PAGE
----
Since the day children are born, we want to raise them to be self-sufficient and great people. In order to achieve these expectations, self-discipline and self-control must be built. Teaching these character traits can be quite the challenge and parents often find themselves correcting a child’s bad behavior- whatever it may be. A lot of issues can be avoided by self-control and self-discipline.
Here are six ways to build self-discipline in your children so that they develop into a rational, collected adult:
1. Teach self-discipline at an early age
This is a rule that goes for pretty much any behavior you want to teach to your child. Starting early will help your child recognize and learn self-discipline and self-control. If you wait to teach it down the road, bad habits could have already formed and it will be harder to transition your child back. Things you can do to teach them self-discipline are having them clean up after themselves, such as toys, food, etc.
2. Have routines
Routines and schedules are a key factor in any child’s life. Schedules and routines are important because routines give children a sense of security in regards to what they have to do and when, and they also help them develop self-discipline. This act of responsibility will give them a sense of what to do, even when nobody is watching. Create a daily or weekly schedule for them to follow and when responsibilities are completed, make sure they do not go unnoticed. As routines become second-nature, the self-discipline does as well.
3. Teach children to respond to corrections in a positive way
Teach children to hear corrections without getting angry or responding negatively. Most children hate being corrected and will become mad and irritated. By teaching children to respond in a gracious and acceptable manner, they will learn how to control their impulses, thus creating self-control. Although teaching a child this can be challenging, once acquired, your child will gain confidence to learn and to not be afraid of being corrected.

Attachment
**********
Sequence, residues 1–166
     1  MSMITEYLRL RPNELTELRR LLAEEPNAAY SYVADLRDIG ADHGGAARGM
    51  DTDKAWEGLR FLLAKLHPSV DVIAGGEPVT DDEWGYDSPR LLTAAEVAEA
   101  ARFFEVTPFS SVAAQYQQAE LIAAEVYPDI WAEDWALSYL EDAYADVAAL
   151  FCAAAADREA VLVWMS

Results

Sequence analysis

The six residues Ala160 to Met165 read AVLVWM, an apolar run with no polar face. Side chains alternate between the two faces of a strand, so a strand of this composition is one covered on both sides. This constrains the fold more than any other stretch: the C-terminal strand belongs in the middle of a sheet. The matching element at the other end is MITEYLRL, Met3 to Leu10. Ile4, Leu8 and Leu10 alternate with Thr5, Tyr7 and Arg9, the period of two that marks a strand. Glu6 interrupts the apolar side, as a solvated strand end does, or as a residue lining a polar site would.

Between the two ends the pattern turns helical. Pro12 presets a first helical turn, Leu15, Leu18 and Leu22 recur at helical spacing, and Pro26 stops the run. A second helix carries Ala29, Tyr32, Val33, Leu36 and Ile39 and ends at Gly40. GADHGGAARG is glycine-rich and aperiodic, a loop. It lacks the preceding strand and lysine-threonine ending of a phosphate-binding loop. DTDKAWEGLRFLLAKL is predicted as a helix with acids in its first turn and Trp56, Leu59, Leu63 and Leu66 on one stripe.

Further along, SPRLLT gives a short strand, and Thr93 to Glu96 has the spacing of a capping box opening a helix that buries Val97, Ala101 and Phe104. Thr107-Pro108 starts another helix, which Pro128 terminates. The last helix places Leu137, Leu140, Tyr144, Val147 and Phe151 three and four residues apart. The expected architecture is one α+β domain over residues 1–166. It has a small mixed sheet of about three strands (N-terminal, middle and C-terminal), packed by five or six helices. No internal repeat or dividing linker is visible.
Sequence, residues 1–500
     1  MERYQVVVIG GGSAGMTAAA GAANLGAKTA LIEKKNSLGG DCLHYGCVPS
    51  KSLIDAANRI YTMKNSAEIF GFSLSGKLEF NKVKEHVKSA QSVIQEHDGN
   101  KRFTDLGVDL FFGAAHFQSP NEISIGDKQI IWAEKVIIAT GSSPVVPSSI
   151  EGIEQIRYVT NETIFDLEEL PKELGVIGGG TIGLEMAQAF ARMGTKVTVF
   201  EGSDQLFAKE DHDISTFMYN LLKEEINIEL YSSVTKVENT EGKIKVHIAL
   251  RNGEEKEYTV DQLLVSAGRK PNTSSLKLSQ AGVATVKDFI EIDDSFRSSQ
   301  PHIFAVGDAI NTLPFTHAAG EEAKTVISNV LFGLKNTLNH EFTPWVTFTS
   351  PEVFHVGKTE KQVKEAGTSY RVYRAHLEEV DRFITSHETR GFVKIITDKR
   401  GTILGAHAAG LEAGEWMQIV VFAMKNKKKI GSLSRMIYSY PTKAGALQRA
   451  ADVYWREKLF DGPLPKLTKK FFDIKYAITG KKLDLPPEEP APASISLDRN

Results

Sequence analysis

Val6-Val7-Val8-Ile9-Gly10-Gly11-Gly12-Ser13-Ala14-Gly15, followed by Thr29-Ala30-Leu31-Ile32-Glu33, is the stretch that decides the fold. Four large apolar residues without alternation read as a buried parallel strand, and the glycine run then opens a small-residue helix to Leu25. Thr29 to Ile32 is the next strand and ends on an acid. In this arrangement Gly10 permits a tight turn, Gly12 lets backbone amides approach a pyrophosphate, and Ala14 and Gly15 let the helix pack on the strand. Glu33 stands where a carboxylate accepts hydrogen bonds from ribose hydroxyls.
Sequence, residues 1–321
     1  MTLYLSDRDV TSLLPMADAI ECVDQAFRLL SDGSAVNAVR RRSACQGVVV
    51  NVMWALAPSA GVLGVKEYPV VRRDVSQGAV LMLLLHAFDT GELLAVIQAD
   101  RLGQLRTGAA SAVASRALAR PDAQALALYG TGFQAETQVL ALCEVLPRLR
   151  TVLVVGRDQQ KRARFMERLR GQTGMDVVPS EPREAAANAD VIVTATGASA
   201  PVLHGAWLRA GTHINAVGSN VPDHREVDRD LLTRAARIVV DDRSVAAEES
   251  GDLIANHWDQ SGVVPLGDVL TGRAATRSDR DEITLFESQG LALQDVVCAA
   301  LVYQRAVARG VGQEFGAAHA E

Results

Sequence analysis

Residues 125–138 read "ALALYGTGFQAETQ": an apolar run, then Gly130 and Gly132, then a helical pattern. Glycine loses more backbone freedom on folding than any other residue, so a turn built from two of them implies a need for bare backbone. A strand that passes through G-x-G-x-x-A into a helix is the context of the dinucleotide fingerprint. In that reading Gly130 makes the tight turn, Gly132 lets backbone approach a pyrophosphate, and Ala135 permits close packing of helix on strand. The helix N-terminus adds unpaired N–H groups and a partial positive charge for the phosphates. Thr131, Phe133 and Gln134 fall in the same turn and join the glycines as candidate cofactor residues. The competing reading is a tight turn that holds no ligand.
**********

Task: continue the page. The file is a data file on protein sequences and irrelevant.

4. Have rewards, consequences, and rules
Rewards go back to creating routines and schedules.When your child does something good without being told or shows an act of kindness, make sure you are aware and reward the behavior. This will make them want to do more good. It does not even have to be scheduled based. It can simply be a good grade on a test or an amazing job at their soccer game. Whatever the case is, make them feel appreciated. If your child does something they were not suppose to do, give them consequences. This will teach them that their behavior is unacceptable. Express to them how upset the situation made you feel and take something away from them, such as T.V, a phone, or video game. Lastly, always have rules. Rules let children know what they can and cannot do. Rules can be things like only T.V and video games after homework is done, no dessert unless everything on your plate is finished, or no going outside to play unless your room is clean. Simple, concrete rules will definitely increase a child’s self-control, self-discipline, and responsibility.
5. Encourage them to take on activities that require self-discipline
Sports and activities are a big deal when it comes to self-discipline. When kids are engaged in activities that require self-discipline, they enjoy the fun as well as the confidence they're learning. Sports will teach children how to work together as a team and teach them how to be responsible. They are responsible for showing up to practice and getting what needs to be done, done. Other activities like music or acting lessons, will teach kids memorization. They have to practice this on their own. All of these various types of activities develop self-discipline and give children a sense of accomplishment.
6. Be a role model!
Sometimes things get under your skin or out of hand and as a parent, your own self-control can slip. It is important that you try your hardest when it comes to self-control because children follow in their parents footsteps. If you are acting in a positive, confident, and self-controlled manner, your child will most likely adapt and want to follow.
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Markham, Laura. "8 Steps to Help Your Child Develop Self Control." Psychology Today. Sussex Publishers, 17 June 2015. Web. 02 Nov. 2017.1